“Band of Gold” Auction Shows Cable Companies’ Ambitions

Verizon splurges, other bidders reveal the shape of things to come

Last week, the US Federal Communications Commission (FCC) announced the results of the auction of priority access licences to Citizens Broadband Radio Service (CBRS) spectrum. This is spectrum in the 3.55 GHz to 3.65 GHz range, sometimes simply called band N48. The FCC raised close to $4.6 billion in the auction and says the spectrum will further boost the deployment of 5G network services throughout the US.

The start of the auction, dubbed Auction 105, was originally planned for earlier in 2020 (see Band of Gold) but was delayed by Covid-19. More than 270 bidders qualified to take part, including Verizon, Dish Network and Charter Communications, as well as several regional carriers. In the end, the big winners were a mix of cellular, satellite and cable companies, highlighting the trend of convergence of once-separate communication services. Despite the excitement that some industry players, especially Verizon, have created for high-band spectrum, in reality it’s mid-band spectrum like the N48 band that will be critical in the deployment of widely available 5G services in the near term.

Verizon was the biggest winner in the CBRS auction, splurging almost $1.9 billion for 557 licences, covering 157 counties in the US. Dish Network was the surprise number-two winner; it acquired spectrum in more markets than Verizon and spent $913 million for 5,492 licences, covering 3,128 counties. Dish Network recently bought assets and spectrum as a remedy to the merger between Sprint and T-Mobile. Added to its existing spectrum, Dish Network has the resources to become an important long-term rival in the mobile market, and has committed to covering 70% of the US population by June 2023 with its standalone 5G network. Dish Network had made its long-term ambitions clear, seeing entry into cellular 5G services as a way to disrupt the market for communication services.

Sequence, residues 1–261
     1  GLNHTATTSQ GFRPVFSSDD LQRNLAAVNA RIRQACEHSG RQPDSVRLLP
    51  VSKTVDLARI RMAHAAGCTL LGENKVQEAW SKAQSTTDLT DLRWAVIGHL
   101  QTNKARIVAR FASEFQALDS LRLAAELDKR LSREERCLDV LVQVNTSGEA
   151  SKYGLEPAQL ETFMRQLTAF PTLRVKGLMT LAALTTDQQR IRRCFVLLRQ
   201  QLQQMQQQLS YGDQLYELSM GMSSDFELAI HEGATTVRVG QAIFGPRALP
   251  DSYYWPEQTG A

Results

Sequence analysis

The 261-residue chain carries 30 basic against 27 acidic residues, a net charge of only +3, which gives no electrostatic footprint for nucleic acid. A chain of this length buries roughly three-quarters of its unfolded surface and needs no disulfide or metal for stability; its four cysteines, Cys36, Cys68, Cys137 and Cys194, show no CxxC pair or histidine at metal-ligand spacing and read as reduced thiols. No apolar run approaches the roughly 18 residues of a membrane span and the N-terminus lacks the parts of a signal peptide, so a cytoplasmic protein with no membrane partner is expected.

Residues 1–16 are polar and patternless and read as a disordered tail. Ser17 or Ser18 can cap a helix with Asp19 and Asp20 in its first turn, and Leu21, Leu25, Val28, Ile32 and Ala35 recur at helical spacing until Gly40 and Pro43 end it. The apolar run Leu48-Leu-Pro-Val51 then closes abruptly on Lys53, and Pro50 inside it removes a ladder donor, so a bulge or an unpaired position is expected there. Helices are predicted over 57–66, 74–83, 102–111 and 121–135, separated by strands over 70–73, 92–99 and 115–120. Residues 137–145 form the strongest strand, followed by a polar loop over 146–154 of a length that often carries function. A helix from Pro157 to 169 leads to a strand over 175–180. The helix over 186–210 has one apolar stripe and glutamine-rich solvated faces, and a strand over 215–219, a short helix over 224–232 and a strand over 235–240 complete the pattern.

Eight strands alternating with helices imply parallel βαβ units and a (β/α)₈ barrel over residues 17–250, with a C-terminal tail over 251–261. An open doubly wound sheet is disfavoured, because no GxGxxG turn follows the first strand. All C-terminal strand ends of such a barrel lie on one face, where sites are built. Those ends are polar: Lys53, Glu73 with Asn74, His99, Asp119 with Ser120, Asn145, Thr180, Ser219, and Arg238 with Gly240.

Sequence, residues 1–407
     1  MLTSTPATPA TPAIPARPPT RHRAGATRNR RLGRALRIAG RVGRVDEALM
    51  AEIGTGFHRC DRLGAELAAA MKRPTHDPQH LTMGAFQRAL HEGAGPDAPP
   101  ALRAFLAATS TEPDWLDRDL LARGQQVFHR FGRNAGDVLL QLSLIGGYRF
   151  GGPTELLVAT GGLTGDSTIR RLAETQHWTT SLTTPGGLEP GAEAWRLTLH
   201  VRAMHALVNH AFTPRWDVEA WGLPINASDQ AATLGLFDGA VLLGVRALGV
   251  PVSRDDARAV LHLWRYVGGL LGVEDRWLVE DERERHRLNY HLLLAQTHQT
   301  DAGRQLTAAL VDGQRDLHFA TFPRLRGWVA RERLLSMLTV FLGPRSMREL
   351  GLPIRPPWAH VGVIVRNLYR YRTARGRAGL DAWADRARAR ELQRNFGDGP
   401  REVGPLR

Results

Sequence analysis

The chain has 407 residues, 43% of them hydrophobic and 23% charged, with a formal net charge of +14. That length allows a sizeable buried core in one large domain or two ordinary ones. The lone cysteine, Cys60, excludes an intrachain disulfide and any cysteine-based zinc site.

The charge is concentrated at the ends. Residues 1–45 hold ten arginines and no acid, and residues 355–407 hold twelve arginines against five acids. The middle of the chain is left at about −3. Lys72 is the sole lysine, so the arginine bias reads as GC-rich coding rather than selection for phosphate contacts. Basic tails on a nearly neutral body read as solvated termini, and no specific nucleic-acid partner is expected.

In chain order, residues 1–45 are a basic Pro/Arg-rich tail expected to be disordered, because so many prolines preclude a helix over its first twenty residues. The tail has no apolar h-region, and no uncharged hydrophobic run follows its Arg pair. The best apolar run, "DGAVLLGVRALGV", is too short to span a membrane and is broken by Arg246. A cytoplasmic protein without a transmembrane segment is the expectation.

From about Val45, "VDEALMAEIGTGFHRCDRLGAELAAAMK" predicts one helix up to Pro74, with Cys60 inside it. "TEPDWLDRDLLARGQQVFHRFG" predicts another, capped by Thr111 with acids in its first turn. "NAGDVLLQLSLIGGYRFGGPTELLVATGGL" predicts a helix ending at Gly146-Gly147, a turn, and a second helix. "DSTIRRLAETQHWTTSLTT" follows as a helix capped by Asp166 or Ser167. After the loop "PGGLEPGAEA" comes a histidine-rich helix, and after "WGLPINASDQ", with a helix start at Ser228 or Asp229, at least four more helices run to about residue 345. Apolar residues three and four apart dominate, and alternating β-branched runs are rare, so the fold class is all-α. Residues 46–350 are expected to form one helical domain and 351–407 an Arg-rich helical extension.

AT&T watched from the sidelines, taking zero licences, and T-Mobile won only eight. AT&T is expected to participate in the FCC’s upcoming C-band spectrum (3.7 GHz to 3.98 GHz) auction beginning in December, in what’s likely to be an even more competitive tender. And T-Mobile is already sitting on “beach front” 2.5 GHz mid-band spectrum that it grabbed through the merger with Sprint.

It’s notable that three of the top-five bidders in the auction were cable companies. Charter Communications, Comcast and Cox Communications, all eager to offer more services to their subscribers and to counter the growing encroachment of cellular providers, spent $464 million, $459 million and $213 million respectively. In addition to offering mobile services, these cable companies are looking to expand into the area of fixed-wireless access using 5G to skip the last-mile costs of bringing broadband to households in far-flung areas.

The FCC is managing CBRS spectrum in a tiered format, providing what it calls Incumbent Access to current and long-term users of this band, particularly the US Navy as well as several fixed satellite service providers. The second tier is the Priority Access granted in this auction, providing the winners with a right of first access of open bandwidth, similar to the concept of priority boarding. The third CBRS tier is General Authorized Access, which allows other service providers the opportunity to exploit unused spectrum.

This mix of bidders in this auction is a reminder that the trend of convergence between fixed-line and mobile connectivity is developing, creating a telecommunication environment in which the distinction between wireless and fixed access becomes seamless. There’s encroachment both ways, as fixed service providers offer mobility, and mobile service providers offer fixed broadband services as well content bundles that were once only associated with cable providers. More immediately, the auction begins to address a very real need for prime mid-band spectrum.